Exxon to Shutter Two Houston Office Towers After Worker Exodus
(Bloomberg) -- Exxon Mobil Corp. plans to close two Houston-area office towers after a raft of unprecedented job cuts and employee departures over the past year and a half.
Workers in the suburban office buildings known as Hughes Landing in The Woodlands, Texas, will relocate to the oil giant’s main Houston-area campus a few miles away, according to an internal memo seen by Bloomberg.
The closure is the latest turn in Exxon Chief Executive Officer Darren Woods’ effort to recast what was once the most-profitable U.S. corporation after back-to-back oil busts and ascendant environmentalism called into question the company’s strategy.
“We look forward to bringing our teams together and having them collaborate on the Houston campus,” Exxon said in an email on Friday.
Exxon announced its first major job cuts in decades last year, with 1,900 U.S. employees cut as part of a global effort to shrink headcount by 15%. But Exxon’s U.S. workforce has been further reduced following the last two performance review cycles, people familiar with the matter said earlier this year.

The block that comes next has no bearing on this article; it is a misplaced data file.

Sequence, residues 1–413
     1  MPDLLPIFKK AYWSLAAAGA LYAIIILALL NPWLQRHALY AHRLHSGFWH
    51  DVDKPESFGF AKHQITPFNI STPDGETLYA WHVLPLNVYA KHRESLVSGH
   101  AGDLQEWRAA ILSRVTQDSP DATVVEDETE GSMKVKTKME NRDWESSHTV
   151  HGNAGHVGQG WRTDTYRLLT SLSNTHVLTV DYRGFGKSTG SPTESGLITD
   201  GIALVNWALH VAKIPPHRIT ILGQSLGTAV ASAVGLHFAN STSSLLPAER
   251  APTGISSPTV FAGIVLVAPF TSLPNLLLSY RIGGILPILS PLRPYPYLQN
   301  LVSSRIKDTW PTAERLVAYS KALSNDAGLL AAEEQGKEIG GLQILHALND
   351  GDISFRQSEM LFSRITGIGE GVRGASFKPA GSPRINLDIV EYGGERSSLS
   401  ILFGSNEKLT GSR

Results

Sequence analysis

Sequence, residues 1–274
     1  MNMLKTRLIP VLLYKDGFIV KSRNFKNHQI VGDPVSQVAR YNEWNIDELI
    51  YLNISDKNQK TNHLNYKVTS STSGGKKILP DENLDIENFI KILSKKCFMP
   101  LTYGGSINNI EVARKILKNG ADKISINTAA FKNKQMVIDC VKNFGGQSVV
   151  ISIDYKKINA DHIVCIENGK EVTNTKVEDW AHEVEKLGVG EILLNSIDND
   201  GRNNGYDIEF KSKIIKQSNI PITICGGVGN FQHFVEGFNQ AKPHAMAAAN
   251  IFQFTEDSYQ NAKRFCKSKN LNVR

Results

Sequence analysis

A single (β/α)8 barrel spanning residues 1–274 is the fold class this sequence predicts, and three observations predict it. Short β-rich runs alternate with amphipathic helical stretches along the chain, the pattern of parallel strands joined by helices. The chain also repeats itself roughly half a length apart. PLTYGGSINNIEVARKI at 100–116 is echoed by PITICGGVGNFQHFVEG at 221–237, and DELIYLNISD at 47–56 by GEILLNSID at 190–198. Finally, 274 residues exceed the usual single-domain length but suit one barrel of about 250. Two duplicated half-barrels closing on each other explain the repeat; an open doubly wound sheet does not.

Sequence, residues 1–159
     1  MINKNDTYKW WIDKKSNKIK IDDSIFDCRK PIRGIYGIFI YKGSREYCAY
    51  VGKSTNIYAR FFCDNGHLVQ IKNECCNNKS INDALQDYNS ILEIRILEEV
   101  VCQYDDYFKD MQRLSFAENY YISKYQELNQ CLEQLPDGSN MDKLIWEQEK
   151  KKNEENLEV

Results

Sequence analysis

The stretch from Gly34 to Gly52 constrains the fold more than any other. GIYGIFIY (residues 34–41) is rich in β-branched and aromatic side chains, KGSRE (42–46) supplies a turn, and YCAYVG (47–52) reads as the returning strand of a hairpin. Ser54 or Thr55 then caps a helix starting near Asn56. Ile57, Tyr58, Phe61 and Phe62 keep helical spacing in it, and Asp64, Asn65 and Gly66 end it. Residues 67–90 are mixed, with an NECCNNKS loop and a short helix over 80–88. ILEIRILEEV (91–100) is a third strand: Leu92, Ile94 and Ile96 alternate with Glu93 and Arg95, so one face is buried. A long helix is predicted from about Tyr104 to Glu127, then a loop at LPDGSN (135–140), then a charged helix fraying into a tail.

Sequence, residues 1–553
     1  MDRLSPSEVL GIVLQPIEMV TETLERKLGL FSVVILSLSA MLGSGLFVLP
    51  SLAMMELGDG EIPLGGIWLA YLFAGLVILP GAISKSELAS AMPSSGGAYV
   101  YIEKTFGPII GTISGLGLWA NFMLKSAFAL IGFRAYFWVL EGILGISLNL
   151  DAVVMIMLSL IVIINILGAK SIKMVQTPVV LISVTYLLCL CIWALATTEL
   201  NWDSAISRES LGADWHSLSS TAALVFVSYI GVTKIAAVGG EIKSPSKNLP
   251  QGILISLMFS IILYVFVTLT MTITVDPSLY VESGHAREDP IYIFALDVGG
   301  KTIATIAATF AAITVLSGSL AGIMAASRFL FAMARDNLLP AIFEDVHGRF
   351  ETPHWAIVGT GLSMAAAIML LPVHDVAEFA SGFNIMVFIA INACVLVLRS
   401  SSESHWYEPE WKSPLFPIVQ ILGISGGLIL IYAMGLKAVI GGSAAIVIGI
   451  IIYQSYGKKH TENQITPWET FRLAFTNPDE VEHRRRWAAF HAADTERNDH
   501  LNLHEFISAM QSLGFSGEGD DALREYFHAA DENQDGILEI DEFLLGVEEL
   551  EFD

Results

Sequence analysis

“The assessment process is not a headcount reduction exercise,” Exxon said in the statement. “It is an annual process for performance improvement. Employees who separate from the company through the annual assessment process may be backfilled.”
Exxon signed the lease at Hughes Landing in 2013. It had a capacity for 1,400 employees, according to local press reports at the time.
Exxon’s first annual loss in four decades in 2020 prompted Woods to take an aggressive approach to cutting costs in an effort to sustain the company’s $15 billion-a-year dividend.
The company reduced “structural costs” by $3 billion in 2020 and Woods expects to double that amount by 2023, he said on a conference call with analysts in July. Buoyed by the cuts and rising oil prices, the stock is up more than 50% this year.
Efforts to move out of Hughes Landing have been complicated by tax abatements awarded when the company first moved in. The company is negotiating an early end to those obligations.
“We believe the matter will reach resolution soon,” Exxon said in the statement.
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